In all personal injury cases, both the plaintiff and the defendant must exchange certain information and documents with each other that they plan to use at trial or that may be helpful for the other side in proving or defending against the case. This is called pre-trial discovery. Often, there is significant litigation surrounding the pre-trial discovery process because parties may not want to disclose everything in their possession for fear of helping their opponents.
In cases naming a nursing home, hospital, or medical professional as a defendant, the argument that a defendant often uses to withhold what may otherwise be mandatory discovery is that the request documents are “privileged” and need not be disclosed. For a document to be considered privileged, there must be some underlying statute or rule stating that is the case. A common example of privileged information is the communication between an attorney and his clients.
Illinois Nursing Home Is Ordered to Release Documents It Claimed Were Privileged
Earlier this month, an appellate court in Illinois issued an opinion that required a nursing home to release certain requested documents to a plaintiff in a medical malpractice lawsuit. Originally, the nursing home refused to release the documents, claiming that they were privileged under the state’s Medical Studies Act. The Medical Studies Act protects “records, reports, statements, notes or other data” that is related to the internal quality control measures of a nursing home. The idea behind the privilege is that the government does not want to discourage nursing homes from seeking to improve care by internally acknowledging that they could have done things differently in the past and potentially avoided an accident.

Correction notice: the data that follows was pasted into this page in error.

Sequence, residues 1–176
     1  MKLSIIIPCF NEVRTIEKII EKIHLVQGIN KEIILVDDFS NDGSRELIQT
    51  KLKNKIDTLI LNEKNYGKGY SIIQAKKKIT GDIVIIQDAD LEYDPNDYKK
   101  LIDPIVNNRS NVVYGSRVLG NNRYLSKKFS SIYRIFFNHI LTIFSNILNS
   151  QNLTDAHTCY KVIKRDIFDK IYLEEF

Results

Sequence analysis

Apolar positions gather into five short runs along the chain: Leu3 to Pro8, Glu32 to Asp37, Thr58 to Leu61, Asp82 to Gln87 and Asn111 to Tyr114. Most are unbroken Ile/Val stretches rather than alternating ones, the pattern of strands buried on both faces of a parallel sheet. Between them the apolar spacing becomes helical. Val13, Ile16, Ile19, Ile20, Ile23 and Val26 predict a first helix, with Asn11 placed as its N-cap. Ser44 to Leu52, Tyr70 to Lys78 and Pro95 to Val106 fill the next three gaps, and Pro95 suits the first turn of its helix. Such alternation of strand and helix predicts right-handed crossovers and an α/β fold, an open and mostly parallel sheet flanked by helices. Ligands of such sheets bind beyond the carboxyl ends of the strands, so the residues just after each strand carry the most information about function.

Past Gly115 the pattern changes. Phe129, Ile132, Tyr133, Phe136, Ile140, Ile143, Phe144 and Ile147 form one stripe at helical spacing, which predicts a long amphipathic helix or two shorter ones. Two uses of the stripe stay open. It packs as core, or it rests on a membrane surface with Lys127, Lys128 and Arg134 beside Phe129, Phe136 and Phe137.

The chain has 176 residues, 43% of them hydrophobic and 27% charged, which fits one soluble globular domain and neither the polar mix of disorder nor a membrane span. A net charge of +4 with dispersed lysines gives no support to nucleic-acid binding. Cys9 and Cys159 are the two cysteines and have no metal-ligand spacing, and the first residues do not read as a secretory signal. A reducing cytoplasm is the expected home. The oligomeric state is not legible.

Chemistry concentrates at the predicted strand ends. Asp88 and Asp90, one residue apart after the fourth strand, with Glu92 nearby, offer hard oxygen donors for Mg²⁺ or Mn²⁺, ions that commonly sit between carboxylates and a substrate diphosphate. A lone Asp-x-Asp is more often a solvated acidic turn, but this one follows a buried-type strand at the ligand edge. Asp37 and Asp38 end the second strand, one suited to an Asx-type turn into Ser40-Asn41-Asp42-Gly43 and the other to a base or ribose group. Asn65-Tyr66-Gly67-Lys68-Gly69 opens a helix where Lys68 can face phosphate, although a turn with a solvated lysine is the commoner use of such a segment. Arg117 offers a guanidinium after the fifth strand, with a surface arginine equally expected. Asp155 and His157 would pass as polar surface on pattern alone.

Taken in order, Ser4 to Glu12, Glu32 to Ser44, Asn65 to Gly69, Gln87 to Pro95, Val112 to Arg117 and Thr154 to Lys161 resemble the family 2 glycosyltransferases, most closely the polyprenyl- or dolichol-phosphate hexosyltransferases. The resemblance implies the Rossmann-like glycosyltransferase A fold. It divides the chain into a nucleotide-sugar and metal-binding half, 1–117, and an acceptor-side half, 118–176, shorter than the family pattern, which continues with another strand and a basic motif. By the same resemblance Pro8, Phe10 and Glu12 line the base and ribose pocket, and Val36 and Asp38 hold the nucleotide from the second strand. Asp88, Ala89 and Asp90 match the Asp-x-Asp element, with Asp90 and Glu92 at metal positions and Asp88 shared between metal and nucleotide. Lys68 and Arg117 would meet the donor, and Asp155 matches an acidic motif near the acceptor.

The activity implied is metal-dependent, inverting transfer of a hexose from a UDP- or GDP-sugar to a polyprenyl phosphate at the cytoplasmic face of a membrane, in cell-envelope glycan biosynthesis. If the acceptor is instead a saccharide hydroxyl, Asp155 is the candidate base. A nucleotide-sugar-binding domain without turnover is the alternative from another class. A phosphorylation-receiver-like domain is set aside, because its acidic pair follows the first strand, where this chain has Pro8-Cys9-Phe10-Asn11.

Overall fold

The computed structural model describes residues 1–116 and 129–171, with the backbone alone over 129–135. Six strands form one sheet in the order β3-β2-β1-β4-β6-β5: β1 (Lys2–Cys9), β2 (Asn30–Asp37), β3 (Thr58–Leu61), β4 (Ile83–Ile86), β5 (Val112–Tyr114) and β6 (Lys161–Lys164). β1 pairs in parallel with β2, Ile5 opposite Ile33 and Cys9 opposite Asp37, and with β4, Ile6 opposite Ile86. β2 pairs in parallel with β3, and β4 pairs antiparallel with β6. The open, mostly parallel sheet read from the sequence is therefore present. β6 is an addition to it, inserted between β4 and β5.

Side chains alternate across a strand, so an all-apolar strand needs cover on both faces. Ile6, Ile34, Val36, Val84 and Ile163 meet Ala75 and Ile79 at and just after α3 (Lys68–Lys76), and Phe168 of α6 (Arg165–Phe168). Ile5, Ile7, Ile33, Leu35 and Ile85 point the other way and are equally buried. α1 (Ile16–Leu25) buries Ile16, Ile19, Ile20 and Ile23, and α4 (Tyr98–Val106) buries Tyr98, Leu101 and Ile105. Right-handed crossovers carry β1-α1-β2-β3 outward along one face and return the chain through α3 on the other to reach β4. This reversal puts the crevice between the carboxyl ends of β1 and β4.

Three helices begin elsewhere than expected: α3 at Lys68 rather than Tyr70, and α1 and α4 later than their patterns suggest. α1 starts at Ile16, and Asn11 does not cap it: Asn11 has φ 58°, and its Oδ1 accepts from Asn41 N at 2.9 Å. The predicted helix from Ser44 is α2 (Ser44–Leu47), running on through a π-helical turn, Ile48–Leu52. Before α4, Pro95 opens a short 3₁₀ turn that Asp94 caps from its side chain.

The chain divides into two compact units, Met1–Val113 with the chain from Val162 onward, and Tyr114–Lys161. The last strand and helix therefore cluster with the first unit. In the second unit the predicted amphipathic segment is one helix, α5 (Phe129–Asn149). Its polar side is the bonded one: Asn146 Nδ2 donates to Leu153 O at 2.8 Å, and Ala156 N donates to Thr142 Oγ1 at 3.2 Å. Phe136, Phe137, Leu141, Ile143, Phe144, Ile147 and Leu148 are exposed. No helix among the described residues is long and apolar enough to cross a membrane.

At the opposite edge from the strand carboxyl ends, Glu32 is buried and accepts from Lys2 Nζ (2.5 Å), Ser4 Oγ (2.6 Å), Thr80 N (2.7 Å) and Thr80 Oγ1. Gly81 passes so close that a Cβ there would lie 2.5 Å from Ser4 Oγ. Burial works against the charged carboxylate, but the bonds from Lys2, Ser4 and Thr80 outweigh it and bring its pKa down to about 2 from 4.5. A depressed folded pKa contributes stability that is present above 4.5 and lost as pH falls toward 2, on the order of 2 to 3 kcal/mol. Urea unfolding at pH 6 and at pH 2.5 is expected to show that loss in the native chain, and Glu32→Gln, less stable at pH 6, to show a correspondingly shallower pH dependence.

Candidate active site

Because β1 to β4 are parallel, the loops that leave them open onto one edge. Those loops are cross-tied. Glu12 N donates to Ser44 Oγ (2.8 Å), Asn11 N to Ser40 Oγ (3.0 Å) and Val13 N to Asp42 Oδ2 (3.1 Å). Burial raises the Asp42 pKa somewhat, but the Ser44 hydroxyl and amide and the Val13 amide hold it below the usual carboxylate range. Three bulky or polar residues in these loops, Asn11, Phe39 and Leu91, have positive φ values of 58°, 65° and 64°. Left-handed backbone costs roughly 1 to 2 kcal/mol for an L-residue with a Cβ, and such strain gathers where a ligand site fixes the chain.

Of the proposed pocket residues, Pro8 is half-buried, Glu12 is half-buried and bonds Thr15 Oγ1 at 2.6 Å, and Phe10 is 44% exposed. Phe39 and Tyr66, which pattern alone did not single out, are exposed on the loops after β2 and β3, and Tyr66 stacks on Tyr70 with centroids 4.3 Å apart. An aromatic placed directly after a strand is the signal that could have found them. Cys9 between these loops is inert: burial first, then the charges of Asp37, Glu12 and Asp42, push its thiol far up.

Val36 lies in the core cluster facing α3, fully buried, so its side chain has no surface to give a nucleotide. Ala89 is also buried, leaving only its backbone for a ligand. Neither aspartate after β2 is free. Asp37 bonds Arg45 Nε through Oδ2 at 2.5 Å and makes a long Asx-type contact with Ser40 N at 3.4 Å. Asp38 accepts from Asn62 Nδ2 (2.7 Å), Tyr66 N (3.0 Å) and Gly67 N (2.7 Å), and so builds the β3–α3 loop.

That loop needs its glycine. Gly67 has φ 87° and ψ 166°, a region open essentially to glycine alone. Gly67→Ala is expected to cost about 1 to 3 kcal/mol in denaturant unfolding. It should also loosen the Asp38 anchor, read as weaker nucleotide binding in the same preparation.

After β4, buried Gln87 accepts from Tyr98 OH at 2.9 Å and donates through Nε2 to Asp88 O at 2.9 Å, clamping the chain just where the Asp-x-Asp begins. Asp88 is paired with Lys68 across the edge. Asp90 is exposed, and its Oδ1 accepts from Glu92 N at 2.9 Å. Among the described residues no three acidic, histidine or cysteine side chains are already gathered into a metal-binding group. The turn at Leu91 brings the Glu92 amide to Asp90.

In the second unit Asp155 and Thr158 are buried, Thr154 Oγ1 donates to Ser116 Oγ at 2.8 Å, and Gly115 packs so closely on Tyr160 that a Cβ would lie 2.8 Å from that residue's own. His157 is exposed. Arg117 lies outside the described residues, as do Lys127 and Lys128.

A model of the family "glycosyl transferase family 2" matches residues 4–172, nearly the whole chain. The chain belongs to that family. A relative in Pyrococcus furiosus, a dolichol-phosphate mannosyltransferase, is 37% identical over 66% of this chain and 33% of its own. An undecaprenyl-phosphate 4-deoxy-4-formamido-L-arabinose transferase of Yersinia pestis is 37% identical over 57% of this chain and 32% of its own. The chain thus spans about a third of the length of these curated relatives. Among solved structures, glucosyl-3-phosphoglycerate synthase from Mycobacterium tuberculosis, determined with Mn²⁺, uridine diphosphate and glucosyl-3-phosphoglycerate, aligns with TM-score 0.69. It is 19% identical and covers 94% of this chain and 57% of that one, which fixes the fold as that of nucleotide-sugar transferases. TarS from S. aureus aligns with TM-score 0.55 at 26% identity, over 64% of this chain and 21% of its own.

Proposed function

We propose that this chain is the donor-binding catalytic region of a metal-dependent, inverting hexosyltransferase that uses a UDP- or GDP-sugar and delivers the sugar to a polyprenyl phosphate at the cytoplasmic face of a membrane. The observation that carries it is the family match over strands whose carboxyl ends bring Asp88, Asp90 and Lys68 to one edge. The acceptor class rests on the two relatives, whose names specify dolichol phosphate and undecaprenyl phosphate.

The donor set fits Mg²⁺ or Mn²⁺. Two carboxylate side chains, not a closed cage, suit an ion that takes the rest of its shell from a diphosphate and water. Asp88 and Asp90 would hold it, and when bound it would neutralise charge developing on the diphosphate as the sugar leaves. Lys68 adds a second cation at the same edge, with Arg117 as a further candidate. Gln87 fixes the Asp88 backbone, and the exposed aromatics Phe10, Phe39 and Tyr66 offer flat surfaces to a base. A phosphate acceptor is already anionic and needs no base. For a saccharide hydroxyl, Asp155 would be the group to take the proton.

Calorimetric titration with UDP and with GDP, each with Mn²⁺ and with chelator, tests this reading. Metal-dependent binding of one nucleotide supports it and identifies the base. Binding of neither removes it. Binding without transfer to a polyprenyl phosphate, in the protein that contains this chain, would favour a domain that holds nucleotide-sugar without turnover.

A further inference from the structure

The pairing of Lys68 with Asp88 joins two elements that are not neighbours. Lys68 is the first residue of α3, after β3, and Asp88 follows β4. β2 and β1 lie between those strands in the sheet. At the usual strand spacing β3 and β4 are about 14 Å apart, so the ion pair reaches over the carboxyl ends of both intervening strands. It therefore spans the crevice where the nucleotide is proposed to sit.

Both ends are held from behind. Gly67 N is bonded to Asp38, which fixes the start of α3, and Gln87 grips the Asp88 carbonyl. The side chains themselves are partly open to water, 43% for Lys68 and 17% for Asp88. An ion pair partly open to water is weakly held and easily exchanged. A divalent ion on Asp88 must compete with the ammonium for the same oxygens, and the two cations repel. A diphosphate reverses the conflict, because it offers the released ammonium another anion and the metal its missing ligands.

The nursing home argued that, if not for the Medical Studies Act, the statements and documents requested by the plaintiff would never have been created, so they should be protected. However, a three-judge panel on the appellate court disagreed, ordering the nursing home to release the document. The panel explained that the nursing home’s position was “clearly without merit.” The court explained that, if it had adopted the nursing home’s interpretation, the only discoverable information would be a patient’s own medical records, which the court found to be unreasonable.
The appellate panel did, however, reverse a lower court’s determination that the nursing home should be held in contempt for failing to disclose the requested documents initially. The panel explained that, although the nursing home was unsuccessful in its appeal, it was not acting in bad faith when it made the initial refusal. However, the nursing home will be required to disclose the documents at this point.
Have You Been a Victim of Medical Malpractice at a Maryland Nursing Home?
If you or a loved one has recently been injured due to the negligence of a Maryland nursing home, you may be entitled to monetary compensation. However, as noted above, nursing homes are not always willing to play by the rules, and an attorney’s assistance may be vital to your case. To speak with a dedicated Maryland nursing home attorney about your case, call 410-654-3600 today. Calling is free, and we will not bill you for our time unless we can help you obtain the compensation you deserve.
More Blog Posts:
Recently Filed Case Claims Nurses Tied Down Resident and Administered Narcotic Medication Against Her Will, Maryland Nursing Home Lawyer Blog, published February 7, 2017.
Nursing Home Abuse Caught in the Act; Charges Unlikely, Maryland Nursing Home Lawyer Blog, published January 27, 2017.